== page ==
Option 2: Tesco employs 326,218 people as this is the average number of employees in the UK & ROI.

Caveat: We are missing employees from Central Europe (these still contribute to Tesco’s turnover). We are also missing employees who work for Tesco Bank.

Option 3: Tesco employs 329,809 people. These are the employees in the UK & ROI and Tesco Bank.

Caveat: We are missing employees from Central Europe (these still contribute to Tesco’s turnover).

Option 4: Tesco employs 204,974 people. These are FTE.

Caveat: Part time employees contribute to Tesco’s turnover.

There are several more options available but it becomes clear financial statements from large companies are difficult to interpret and often require some thought.

Multinational Organisations

Multinational organisations, by their nature, derive income from many parts of the world. A multinational company’s UK tax return will be on the income it receives in the UK. There’s the challenge: it’s hard to know exactly what proportion of their business comes from the UK. It is also unclear whether financial statements submitted to Companies House (our source of company financials) include turnover/employees from foreign countries. We rely on open data (Companies House) to better understand the UK economy. Only HMRC have access to data which will lead towards a clearer picture of a company’s financials.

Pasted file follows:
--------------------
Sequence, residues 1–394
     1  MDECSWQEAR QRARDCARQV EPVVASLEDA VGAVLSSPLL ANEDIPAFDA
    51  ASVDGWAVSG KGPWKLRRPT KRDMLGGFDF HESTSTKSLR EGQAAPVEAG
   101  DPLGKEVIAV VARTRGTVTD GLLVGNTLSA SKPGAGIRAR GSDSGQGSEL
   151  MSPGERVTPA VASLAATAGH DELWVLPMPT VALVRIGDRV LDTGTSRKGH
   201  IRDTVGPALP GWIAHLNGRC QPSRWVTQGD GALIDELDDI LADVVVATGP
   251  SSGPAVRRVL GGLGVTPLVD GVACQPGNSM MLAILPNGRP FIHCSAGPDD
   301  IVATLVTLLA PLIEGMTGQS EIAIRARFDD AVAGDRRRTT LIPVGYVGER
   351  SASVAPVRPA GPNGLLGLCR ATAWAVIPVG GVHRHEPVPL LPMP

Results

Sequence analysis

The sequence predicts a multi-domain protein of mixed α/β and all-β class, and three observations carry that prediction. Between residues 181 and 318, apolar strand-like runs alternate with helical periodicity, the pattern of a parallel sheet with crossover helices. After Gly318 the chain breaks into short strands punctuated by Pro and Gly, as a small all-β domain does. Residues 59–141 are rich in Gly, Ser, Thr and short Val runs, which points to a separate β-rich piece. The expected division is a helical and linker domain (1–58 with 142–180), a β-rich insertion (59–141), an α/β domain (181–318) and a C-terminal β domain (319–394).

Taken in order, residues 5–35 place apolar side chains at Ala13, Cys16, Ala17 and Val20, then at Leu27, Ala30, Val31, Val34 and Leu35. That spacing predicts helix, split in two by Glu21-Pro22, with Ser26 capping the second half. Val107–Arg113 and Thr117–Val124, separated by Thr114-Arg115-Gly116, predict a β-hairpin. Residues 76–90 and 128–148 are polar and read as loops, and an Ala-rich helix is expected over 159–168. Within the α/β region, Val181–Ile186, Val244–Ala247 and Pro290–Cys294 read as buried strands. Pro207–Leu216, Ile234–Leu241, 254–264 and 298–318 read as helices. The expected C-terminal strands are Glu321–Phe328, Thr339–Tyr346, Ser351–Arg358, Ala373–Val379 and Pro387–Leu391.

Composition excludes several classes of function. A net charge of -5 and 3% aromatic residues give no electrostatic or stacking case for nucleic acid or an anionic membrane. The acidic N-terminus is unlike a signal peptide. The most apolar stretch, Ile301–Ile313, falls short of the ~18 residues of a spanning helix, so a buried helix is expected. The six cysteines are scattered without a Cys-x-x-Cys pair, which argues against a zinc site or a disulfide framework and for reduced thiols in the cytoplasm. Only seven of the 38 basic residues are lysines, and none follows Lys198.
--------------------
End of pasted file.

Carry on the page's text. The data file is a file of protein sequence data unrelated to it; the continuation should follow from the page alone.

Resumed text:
We have data on all UK-registered companies. That means we have data on every company that has filed accounts in the UK. What we don’t know is how much of their activity can actually be attributed to the UK, and how much can be attributed to the rest of the world.

This is a challenge because it can lead to some very large numbers. For example, the likes of energy companies like BP and Shell have a large workforce and turnover across the world. Including BP and Shell in one of our RTICs can result in very large summary values for the sector.

That’s why we encourage a review of our lists, to ensure you’re including companies that are appropriate to the question you’re answering. Sometimes that will mean including the large multinationals, sometimes it will mean removing them. This all depends on the question you’re answering.